At 10:04 AM 23-09-05, you wrote:
>I'd advise using <seg> for this rather than <space>, which is 
>specifically for "significant space in the copy text" - not for 
>regular inter-word spacing.

Agreed, unless it's important to specify the size of spaces (where 
they vary through justification, or where their size might be 
significant in concrete poetry, for example).


>Martin Holmes wrote:
>>Hi there,
>>Processing of actual whitespace can be a bit flaky in various XSLT
>>processors, and it can be difficult to get the right balance of
>>xsl:strip-space and xsl:preserve-space to get the results you want in
>>a way that is reliably portable between systems. Where spaces are
>>important (as they may often be when you're encoding below the word
>>level), I'd suggest encoding the actual spaces, using perhaps a space
>>tag or a seg tag. That way you can always ensure they're properly
>>described, and properly processed in any output system. It does make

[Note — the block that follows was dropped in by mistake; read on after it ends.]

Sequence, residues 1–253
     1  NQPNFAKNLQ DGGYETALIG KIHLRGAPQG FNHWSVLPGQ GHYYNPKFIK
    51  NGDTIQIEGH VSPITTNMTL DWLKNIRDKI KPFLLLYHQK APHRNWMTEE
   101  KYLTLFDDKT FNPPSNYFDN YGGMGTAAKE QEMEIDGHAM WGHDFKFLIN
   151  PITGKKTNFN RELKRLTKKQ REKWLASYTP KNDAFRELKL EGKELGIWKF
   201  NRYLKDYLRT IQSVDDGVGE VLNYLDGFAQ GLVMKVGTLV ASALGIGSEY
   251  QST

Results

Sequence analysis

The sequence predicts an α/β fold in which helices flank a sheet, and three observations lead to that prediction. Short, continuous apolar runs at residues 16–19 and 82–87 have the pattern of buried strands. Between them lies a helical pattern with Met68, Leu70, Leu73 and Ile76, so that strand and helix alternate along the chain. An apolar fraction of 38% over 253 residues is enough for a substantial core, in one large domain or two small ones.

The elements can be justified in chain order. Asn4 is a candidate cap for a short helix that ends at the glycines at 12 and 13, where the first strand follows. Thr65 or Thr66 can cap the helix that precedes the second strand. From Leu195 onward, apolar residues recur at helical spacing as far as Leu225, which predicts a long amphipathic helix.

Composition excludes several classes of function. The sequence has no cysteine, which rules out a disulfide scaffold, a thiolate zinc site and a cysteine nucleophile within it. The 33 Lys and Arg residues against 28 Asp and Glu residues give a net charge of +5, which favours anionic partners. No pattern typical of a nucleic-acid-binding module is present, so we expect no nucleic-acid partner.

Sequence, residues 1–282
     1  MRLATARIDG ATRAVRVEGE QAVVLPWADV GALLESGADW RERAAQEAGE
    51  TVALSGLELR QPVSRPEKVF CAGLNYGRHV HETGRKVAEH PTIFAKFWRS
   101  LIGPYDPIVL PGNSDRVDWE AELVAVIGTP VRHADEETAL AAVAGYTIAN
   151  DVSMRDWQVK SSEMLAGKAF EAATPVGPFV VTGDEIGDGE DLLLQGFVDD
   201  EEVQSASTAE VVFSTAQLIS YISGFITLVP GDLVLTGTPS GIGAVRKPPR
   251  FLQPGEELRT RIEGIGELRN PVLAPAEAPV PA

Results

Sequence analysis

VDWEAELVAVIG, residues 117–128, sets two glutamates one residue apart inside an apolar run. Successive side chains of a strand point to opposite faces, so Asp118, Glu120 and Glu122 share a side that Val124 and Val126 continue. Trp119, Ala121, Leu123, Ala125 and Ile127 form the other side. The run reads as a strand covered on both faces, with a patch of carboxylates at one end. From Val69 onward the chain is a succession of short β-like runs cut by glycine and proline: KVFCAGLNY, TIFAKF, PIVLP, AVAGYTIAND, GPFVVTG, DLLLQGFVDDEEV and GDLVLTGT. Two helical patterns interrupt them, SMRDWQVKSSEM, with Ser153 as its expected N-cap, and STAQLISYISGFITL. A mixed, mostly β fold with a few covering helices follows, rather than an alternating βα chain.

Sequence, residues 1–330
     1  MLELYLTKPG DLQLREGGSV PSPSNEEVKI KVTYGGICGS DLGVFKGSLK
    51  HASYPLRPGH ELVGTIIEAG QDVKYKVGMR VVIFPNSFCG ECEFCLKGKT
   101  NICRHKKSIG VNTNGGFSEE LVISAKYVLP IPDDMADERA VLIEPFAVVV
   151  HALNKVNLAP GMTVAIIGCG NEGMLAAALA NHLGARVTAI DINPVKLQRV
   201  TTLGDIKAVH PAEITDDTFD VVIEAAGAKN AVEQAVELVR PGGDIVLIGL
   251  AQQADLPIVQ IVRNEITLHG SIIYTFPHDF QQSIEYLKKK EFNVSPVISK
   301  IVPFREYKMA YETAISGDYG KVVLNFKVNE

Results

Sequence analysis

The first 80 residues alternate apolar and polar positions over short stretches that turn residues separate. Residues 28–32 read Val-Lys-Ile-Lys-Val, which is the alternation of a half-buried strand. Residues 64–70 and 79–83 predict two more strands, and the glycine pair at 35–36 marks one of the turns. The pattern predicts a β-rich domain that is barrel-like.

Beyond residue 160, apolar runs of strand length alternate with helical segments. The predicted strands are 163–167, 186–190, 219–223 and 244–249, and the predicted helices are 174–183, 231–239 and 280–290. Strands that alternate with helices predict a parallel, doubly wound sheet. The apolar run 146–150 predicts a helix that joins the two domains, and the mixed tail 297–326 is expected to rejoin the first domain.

>>the code hard to read, but when you're encoding at this level the
>>text is usually pretty hard to read anyway.
>>At 08:32 AM 23-09-05, Martin Mueller wrote:
>>>Is there a set of rules or best practices about what to do with space
>>>between words when you encode down to the word level? We have in one
>>>project used space between <w> elements, and the parser respects
>>>this, although it seems theoretically wrong. One could also deal with
>>>the space at the processing level and have a rule to the effect that
>>>a word element is followed by a space unless the content of the next
>>>element begins with a punctuation mark, etc.
>>>I'll be grateful for advice.
>>Martin Holmes
>>University of Victoria Humanities Computing and Media Centre
>Dorothy Carr Porter, Program Coordinator
>Collaboratory for Research in Computing for Humanities
>University of Kentucky
>351 William T. Young Library
>Lexington, KY  40506
>[log in to unmask]          859-257-9549

Martin Holmes
University of Victoria Humanities Computing and Media Centre